Actor Nick Adams chronicled time spent with Elvis Presley
“The Rebel & the King” is a sweetly naive account by the late actor Nick Adams about his friendship with a young Elvis Presley.
Adams wrote the manuscript in the late 1950s when he was a rising star in Hollywood. It was recently found in a box of the actor’s memorabilia by his daughter, playwright Allyson Adams.
She was just 7 when her father was found dead at 36 under mysterious circumstances at his home on Feb. 7, 1968, of a drug overdose. No weapons or pills were found around his body. But several personal items were missing including his journals, the typewriter James Dean had given him, tape recordings and a bronze replica of the hat he wore in his hit TV series “The Rebel.” Adams’ death certificate was changed three times from homicide to suicide to undetermined.
For four decades, Adams kept a large box of his memorabilia including a scrapbook James Dean had given him, photographs and movie magazine articles he had written in the 1950s about his friends like Dean and Natalie Wood, with whom he had appeared in 1955’s “Rebel Without a Cause.”
“I carried it around for years,” she said. “I would start to go through it and then said, ‘I can’t.”’ After moving back to Los Angeles recently after living for several years in Montana, she gathered her strength and looked at the contents.
She found the manuscript for “The Rebel & the King” under photos and articles. Allyson self-published the book last September and just last week the e-book version became available on Kindle that includes extra photographs, an introduction by historian Roy Turner and an essay by author Elaine Dundy.
“The Rebel & the King” chronicles Adams and Presley’s adventures in Hollywood as well as the eight days the actor spent with Presley in Memphis, which culminated with him accompanying the singer for his famous Tupelo, Miss., homecoming concert in September 1956.
Adams’ career was taking off when he met Presley in 1956. The year before, Adams appeared in two films that were nominated for best picture — “Mister Roberts” and “Picnic” — as well as “Rebel Without a Cause.” At 21, Presley was the hottest rock ‘n’ roll sensation in the country with such hits as “Hound Dog” and “That’s All Right” and whose gyrating hips got him in trouble on “The Ed Sullivan Show.”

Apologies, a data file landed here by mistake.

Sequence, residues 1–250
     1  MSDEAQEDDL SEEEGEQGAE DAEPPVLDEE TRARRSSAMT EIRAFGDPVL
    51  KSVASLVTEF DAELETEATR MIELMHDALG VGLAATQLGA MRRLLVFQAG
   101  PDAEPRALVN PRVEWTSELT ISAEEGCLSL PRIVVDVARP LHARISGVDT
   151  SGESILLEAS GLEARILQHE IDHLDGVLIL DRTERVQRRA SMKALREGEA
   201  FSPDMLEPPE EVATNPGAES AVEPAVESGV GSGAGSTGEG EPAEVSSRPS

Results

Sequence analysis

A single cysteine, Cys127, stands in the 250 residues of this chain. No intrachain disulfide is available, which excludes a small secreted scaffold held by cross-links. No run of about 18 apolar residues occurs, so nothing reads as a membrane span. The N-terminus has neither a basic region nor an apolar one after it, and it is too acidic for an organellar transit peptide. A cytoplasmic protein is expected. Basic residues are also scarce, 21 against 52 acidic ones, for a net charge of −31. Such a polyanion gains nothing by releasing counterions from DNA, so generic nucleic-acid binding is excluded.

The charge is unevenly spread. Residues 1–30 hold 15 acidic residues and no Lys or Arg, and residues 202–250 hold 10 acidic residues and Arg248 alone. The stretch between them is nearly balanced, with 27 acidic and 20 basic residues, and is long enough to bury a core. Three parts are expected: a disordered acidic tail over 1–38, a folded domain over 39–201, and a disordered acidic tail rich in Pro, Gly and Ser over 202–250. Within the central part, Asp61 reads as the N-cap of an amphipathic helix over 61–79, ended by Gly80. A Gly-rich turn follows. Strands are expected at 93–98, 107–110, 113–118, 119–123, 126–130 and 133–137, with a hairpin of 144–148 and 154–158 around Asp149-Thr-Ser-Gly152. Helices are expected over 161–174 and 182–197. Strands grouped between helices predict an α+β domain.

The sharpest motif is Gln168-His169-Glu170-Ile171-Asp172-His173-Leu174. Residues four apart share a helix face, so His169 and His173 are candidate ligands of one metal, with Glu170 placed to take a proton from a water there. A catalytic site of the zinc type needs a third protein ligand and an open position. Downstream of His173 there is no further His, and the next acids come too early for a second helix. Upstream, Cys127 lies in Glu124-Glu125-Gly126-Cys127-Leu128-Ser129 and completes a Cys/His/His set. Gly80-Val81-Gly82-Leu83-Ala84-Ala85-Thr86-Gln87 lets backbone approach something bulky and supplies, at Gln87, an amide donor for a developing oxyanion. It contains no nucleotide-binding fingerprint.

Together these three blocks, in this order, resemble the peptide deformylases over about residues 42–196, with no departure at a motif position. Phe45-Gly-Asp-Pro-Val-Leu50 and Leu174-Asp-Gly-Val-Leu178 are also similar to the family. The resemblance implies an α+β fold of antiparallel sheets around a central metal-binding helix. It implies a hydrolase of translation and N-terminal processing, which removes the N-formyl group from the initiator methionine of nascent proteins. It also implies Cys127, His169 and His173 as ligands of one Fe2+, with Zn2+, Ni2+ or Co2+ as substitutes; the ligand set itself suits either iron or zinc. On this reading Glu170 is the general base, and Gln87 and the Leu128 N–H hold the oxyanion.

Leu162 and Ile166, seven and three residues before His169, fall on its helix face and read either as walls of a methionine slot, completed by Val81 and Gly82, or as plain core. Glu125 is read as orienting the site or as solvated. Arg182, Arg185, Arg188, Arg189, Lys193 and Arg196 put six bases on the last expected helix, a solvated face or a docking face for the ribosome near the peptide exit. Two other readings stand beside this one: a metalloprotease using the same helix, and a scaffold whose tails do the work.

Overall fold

Presley had come from Memphis to 20th Century Fox to make his first film, the Civil War drama “Love Me Tender.” Adams had gone to Fox to talk about a role in the film, when he met the rock ‘n’ roll superstar on the set. They remained close friends until Adams’ death.
Adams isn’t a gifted stylist, but he makes up for his literary shortcomings with a youthful exuberance and innocence.
“He was real down to earth and sincere and very humble,” Adams writes of Presley.
The two are bombarded by fans, buy a puppy at a pet store for Presley’s mother, Gladys, and visit his old school. Allyson Adams loves the fact that her father seemed compelled to give detailed accounts of their meals.
“We ordered dinner from room service,” writes Nick Adams, “and Elvis had four slices of Crenshaw melon, a grilled cheese sandwich with butter, six slices of bacon burned to a crisp, mashed potatoes, gravy and four milks.”
“They are really young and star struck,” said Allyson Adams. “They had no idea what was coming down the pike. It’s a rag to riches to fame as a bad habit. Elvis had too much fame and my father didn’t have enough.”
After his initial success, Adams appeared in such films as the 1959 Doris Day-Rock Hudson comedy “Pillow Talk” and starred as former Confederate Army Private Johnny Yuma in the 1959-61 western series “The Rebel.” He even earned a supporting actor Oscar nomination — after launching his own campaign — for the 1963 film “Twilight of Honor.”
But the Oscar nomination didn’t lead to bigger roles and soon he was making such low-budget duds as 1965’s “Frankenstein Conquers the World.” As his career was tanking, so was his marriage to actress Carol Nugent Adams.
Adams believes her father didn’t commit suicide. “He always bounced back. I know my dad could go low and he was having a terrible time in his life personally and career wise, but he was a fighter. Everybody who knew my dad said that nobody was tougher than Nick.”
PHOTOS AND MORE
Only good movies
Get the Indie Focus newsletter, Mark Olsen's weekly guide to the world of cinema.
You may occasionally receive promotional content from the Los Angeles Times.